At the moment, there are only 153 screens out of 165,000 digital cinemas currently up and running in the world, 4 of which are in Britain, 3 in France and Germany, 2 in Spain and 1 in Belgium, Norway and Austria. Today’s digital projection is based on the Digital Light Processing technology, which aims to be at the same quality level as 35mm projections, if not higher, using a palette of 35 billion colours. The important thing is not to confuse digital cinema with E-Cinema, which is a video-projection system with a quality inferior to that of 35mm. For example, E-Cinema has been chosen by the Scandinavian chain, Folkets, to kit out 8 cinemas in areas beyond the Arctic Circle.
The issue of D-Cinema is being widely discussed in France, though the National Federation of French Cinematographers (FNCF) is sitting on the fence. According to its president, Jean Labé, “there needs to be a standard, a single worldwide rule, only one algorithm for encryption, for the compression of the sound and the image, for the electronic interface, for protocols and security”.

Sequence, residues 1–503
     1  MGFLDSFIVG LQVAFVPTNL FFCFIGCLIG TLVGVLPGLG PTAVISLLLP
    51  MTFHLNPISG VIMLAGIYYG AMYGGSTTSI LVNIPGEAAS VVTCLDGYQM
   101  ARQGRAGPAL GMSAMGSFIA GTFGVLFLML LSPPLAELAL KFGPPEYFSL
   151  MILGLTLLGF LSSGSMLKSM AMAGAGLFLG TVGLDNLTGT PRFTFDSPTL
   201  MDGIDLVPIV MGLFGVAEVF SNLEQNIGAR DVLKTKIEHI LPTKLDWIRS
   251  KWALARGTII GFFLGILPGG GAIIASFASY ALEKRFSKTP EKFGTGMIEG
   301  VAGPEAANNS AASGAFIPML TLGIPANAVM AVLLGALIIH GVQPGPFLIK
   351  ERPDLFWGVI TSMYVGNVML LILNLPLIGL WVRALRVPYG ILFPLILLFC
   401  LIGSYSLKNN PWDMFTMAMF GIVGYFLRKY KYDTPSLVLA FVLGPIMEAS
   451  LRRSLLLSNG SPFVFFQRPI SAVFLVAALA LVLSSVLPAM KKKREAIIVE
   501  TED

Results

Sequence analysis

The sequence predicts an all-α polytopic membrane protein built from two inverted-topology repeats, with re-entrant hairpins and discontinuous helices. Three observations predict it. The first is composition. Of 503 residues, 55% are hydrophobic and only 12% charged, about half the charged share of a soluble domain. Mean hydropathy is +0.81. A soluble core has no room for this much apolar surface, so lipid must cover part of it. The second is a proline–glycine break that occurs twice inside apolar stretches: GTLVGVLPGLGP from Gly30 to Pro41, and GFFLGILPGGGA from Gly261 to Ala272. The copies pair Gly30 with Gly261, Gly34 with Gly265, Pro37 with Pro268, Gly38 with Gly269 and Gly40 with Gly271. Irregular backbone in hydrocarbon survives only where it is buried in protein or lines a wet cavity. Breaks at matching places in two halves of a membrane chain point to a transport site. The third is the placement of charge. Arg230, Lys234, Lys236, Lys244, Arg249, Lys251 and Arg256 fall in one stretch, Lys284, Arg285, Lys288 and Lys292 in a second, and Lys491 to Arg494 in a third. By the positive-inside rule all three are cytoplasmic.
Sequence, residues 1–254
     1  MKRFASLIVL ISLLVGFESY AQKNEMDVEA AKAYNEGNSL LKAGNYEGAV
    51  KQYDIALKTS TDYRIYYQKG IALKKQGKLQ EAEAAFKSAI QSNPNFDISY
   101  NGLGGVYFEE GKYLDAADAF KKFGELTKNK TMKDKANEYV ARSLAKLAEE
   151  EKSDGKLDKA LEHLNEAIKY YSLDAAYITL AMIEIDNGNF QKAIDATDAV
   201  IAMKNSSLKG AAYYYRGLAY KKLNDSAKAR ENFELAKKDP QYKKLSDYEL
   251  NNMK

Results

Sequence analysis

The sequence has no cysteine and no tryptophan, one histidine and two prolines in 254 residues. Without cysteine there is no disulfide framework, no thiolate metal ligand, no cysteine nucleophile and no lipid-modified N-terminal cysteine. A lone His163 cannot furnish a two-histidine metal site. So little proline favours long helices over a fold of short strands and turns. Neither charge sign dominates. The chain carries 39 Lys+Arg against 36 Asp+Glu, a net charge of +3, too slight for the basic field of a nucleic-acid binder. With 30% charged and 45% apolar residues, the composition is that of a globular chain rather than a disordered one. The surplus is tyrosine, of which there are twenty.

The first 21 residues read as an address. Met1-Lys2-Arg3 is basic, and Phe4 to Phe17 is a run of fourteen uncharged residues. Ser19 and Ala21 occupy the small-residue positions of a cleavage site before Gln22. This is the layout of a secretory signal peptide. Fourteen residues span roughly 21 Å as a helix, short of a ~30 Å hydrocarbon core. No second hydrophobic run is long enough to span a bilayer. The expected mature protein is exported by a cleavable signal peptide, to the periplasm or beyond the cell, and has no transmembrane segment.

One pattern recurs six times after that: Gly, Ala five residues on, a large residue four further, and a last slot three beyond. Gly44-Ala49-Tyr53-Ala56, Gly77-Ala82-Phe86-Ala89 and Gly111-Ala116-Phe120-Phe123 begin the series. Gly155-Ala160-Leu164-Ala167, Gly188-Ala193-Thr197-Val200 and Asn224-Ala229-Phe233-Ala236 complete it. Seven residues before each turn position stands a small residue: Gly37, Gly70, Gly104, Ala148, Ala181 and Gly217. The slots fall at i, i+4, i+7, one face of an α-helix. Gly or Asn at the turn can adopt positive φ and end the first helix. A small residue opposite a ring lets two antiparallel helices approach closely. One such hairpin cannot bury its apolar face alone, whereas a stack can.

There were also other problems highlighted by the leaders of the French operators. Will cinema operators manage to more or less retain control of their own programming, or will they become “film replacers”? And above all, who will fund the equipping of the cinemas and the necessary maintenance of the information and material that will soon become obsolete, and that’s without discussing what the potential benefits are for the audience. These are questions that still have no answers. The cost of equipping a digital projection booth is around €70-75,000 and it’s still not known how long this equipment will last. In comparison, a 35mm projection booth costs around €20,000 and lasts for at least 20 years, so the changeover is seen as a very high cost exercise. It’s also worth mentioning that film professionals are suspicious about the eruption of new companies that don’t have a real cinema culture, for example people who look after servers and satellite transmission systems. Representatives from the American cinema world who were in Beaune, the vice president of the MPAA, Bill Murray and the director, Walter Hill, agreed with the idea that the digital revolution has to come about at a reasonable cost, with common rules controlled by film industry professionals and agreements with operators and distributors to divide the financial burden of the changes. Europe seems to still be a long way behind in this debate, given that 7 Hollywood Majors have already joined together, to form a commercial company called DCI (Digital Cinema Initiative), which will present its conclusions about the question of regulations in March 2004.